Message boards and blogs have become the latest incarnation of meeting halls or booths in a marketplace. And like their physical counterparts, they can be fully public, restricted to members, or very personal “soap boxes”. Most people seem to be comfortable in these venues, becoming accustomed to this new abstract world. Yet in some respects we still have a way to go in developing an orderly society within it.
Specifically for Christians, these new ways of association have created some difficult questions: Can an online community be considered a “church”? Does the NT address these gatherings with the same rules that apply to physical meetings? What about accountability? How do we handle trolls, spam, cyber bullies, etc?
First, I think we need to distinguish between a blog and a message board. In a message board or forum (I know, a forum is really just one area in a board, but it’s easier to write repeatedly), it’s more like a town or even a city. There are civil magistrates (owners, admins, moderators) who run not a democracy but really a dictatorship. They pay the bills, they maintain the software, they guard against intruders, they determine the features, they set the requirements for membership. You could say it’s like a private club whose “minutes” can be read by the public. Nobody can tell the magistrates what to do because it belongs to them, and they let others join as a privilege and not a right. Yet at the same time, we can expect them to be reasonable and allow some slack. But even so, if we don’t like how a board is run, we are free to leave. Staying to bash the owners about how they run their board just doesn’t make sense.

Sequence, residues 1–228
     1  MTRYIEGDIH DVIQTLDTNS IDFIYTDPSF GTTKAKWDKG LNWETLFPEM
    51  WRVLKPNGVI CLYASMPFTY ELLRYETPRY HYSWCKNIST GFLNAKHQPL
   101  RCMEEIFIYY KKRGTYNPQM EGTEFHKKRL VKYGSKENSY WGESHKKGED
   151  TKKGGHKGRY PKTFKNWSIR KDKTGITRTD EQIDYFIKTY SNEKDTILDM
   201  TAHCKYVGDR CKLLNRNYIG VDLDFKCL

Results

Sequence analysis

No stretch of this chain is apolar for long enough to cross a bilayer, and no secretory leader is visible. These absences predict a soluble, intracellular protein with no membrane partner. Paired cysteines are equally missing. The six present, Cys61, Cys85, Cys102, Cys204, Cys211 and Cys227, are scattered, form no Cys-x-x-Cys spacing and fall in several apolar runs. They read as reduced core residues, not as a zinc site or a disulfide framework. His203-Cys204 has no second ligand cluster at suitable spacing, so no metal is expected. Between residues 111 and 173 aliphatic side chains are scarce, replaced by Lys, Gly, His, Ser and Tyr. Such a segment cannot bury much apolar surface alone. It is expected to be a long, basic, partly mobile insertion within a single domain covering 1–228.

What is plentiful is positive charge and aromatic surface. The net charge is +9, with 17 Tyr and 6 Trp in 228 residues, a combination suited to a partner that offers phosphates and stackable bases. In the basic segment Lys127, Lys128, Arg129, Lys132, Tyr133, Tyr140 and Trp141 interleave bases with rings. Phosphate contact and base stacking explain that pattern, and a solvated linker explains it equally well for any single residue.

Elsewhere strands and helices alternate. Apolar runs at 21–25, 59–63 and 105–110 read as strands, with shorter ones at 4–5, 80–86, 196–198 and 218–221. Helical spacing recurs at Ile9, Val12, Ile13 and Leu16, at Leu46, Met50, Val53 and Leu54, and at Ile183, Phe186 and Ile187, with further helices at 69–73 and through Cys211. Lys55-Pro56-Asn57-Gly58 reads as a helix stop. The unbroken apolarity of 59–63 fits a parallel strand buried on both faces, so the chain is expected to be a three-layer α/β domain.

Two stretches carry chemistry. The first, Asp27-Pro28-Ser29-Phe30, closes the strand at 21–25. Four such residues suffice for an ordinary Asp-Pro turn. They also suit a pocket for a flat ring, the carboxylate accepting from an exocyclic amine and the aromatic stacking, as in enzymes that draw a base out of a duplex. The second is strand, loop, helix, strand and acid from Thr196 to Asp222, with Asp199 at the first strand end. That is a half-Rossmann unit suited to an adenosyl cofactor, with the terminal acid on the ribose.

Now add Christianity to the mix, and you know what happens: things get much more complicated. We expect the admins to act like believers, but we frequently try to impose our own narrow definition of that on them and then claim spiritual high ground as our right to judge them and make demands. But unless you’re a paying contributor, or the admins have violated some agreement, you have nothing to say to them, even as a believer. You can try to talk to them as you would any fellow believer about spiritual things, yes; but you have to separate that from the “civil magistrate” realm. Think of it as having the mayor of your city as a fellow believer in your local fellowship. No matter what your spiritual relationship with them, they are still the city’s mayor and you cannot give them orders or make demands on how the city is run simply by virtue of the two of you being believers. You are both believers and citizens of a larger community.
This is why I cringe whenever I see a believer tow out Mt. 18:15-17 in rebuke of how a board owner handles a divisive person. There are civil and spiritual issues to consider. If the troublemaker has violated board rules they can be disciplined in that regard. But if they have not violated a rule, then the admins have no authority over them (except if they have posted an escape clause to the effect that anyone can be banned for any reason, and yes any board owner has the right to make that rule). But here’s the crux of the matter: unless all members have agreed that the community is in fact a Christian assembly* (“church”) with approved elders guarding it from falsehood, then Mt. 18 cannot be applied. That is, nobody can demand that the procedure listed in that passage must be followed in dealing with troublemakers in forums.